Racism, Dissent, and Asian Americans from 1850 to the Present: A Documentary History

Racism, Dissent, and Asian Americans from 1850 to the Present: A Documentary History

Racism, Dissent, and Asian Americans from 1850 to the Present: A Documentary History

Racism, Dissent, and Asian Americans from 1850 to the Present: A Documentary History

Synopsis

Drawing from a broad range of articles, speeches, pamphlets, sermons, debates, laws, and resolutions, this documentary collection focuses on support for the rights of Japanese and Chinese immigrants and their descendants in the United States. The book traces a 130-year period, culminating with the governmental redress for survivors of the Japanese evacuation and internment of World War II. Illustrating the scope and types of American dissent against anti-Asian thought, the volume highlights expressions from the clergy, the labor movement, the abolitionists, and figures such as Wendell Phillips, Charles Sumner, Frederick Douglass, Mark Twain, John Stuart Mill, and Carey McWilliams. Citing material never before published, it demonstrates Black support for Asian rights and the consistency of the IWW's solidarity with Chinese and Japanese-American workers. It is also the first work to treat seriously clergymen's efforts against anti-Asian discrimination.

Excerpt

The dominance of racism in American society -- resting upon centuries of federal and state sanction, legal segregation, biological "proof" of ethnic rank, divisive hiring and discriminatory housing, the phobias and fulminations of presidents, the expeditions of the Klan, bias in school curricula, the propaganda in the press, and the officially administered doses of hysteria which accompanied the birth of imperialism and the growth of U.S. foreign involvement -- is beyond doubt. But a substantial body of evidence shows that race relations in American history have been more complex than previously supposed. Native Americans, African-Americans, Mexican- Americans, Asian Americans and other direct victims of racism have resisted the stamp of inferiority. In addition, people who have been expected to sustain the prevalent prejudices have also challenged racism. Deviations from prevailing winds have ranged from humanitarian sympathy, to episodes of labor solidarity, to simple protest against one or another incidence of racist violence, to acceptance of intermarriage, to outright anti-racism.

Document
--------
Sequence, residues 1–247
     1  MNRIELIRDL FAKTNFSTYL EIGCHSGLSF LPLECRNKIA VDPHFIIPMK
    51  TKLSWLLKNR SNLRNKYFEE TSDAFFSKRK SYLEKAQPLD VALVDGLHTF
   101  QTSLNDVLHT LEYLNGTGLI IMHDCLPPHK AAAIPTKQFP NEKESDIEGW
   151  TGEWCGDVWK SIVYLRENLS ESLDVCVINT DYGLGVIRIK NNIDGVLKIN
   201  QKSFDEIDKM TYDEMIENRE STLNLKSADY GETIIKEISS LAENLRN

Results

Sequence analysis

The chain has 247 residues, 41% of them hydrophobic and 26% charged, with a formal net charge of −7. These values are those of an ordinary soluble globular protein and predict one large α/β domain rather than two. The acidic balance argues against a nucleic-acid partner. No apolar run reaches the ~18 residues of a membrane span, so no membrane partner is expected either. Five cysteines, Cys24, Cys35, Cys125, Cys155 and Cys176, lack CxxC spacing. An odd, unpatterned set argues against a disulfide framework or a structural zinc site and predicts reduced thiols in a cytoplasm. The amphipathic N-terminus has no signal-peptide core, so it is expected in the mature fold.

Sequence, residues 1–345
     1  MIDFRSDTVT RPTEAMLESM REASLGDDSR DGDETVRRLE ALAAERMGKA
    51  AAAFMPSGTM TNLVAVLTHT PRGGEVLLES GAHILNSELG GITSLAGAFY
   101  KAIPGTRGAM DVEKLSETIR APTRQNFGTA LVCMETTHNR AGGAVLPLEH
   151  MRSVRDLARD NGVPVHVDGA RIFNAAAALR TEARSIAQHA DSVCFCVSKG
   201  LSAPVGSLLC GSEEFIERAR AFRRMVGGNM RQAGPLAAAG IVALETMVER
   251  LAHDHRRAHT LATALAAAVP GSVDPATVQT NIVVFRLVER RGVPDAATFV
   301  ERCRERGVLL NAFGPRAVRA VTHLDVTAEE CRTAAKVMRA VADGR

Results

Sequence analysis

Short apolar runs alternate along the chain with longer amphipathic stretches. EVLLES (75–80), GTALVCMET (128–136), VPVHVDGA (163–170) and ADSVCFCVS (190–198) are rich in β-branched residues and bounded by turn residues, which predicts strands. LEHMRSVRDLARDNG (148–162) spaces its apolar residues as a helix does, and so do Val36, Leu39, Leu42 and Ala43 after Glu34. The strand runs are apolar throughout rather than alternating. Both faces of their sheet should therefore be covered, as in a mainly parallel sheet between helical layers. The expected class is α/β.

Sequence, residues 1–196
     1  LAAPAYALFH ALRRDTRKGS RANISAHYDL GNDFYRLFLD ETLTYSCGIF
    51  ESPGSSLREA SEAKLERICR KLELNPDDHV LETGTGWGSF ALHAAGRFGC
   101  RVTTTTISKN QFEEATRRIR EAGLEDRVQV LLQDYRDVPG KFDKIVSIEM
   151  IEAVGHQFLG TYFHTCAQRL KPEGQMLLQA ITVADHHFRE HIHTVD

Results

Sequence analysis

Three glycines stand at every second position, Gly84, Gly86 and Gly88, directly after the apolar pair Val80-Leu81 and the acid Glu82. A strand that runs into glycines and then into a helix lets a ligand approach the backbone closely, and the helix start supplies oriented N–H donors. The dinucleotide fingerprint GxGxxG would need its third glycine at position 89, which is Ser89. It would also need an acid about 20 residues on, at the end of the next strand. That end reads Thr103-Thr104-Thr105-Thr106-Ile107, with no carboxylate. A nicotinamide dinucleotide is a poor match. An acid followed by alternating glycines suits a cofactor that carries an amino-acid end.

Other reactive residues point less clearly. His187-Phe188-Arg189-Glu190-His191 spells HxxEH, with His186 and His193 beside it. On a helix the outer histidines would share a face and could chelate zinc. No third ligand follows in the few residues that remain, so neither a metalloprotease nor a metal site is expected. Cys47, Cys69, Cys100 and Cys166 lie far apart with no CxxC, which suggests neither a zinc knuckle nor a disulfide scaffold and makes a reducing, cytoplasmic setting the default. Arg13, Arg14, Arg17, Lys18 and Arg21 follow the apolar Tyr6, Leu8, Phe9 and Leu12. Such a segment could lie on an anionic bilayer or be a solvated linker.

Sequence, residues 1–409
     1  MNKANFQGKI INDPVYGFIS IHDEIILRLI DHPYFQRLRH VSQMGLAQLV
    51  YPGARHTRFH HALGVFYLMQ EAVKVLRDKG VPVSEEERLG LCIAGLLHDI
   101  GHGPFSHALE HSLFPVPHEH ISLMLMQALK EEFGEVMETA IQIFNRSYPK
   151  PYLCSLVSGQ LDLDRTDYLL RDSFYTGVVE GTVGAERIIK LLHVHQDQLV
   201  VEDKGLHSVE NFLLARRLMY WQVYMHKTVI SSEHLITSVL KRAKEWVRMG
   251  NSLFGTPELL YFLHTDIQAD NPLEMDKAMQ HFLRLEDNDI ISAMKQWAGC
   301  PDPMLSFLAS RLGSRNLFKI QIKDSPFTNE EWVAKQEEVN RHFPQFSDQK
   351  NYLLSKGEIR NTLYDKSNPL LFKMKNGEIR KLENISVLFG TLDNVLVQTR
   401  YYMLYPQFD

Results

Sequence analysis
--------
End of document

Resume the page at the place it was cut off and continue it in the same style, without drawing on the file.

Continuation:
The following documents are intended to indicate the existence of more than one view among whites, Blacks, and others not of Asian descent, on the position of Asians in the United States. It is simplistic to impute racist views to all who belong to that group whose other members expound them. That an ethnic group may regard itself as special does not necessarily connote hostility to other groups. That the sense of ethnic, even racial, difference may turn antagonistic generally involves the development of forces in society with a stake in and a rationale for the long-term perpetuation of their hegemony. The assumed naturalness of the perception of racial differences and the fears these may insinuate cannot explain the strength and application of racism - politically-economically-ideologically-socially-culturally-educationally systematized oppression -- in the United States. Historian Sucheng Chan makes this apt distinction: "Because ethnocentrism is a worldwide phenomenon, Asian immigrants, as foreigners and newcomers, were looked upon with disdain and curiosity by earlier arrivals. Like most European immigrants, they started at the bottom of the economic ladder. Unlike their European counterparts, however, their upward climb was impeded not only by a poor knowledge of the English language, a lack of familiarity with the American way of doing things, limited education, and the absence of relevant . . .

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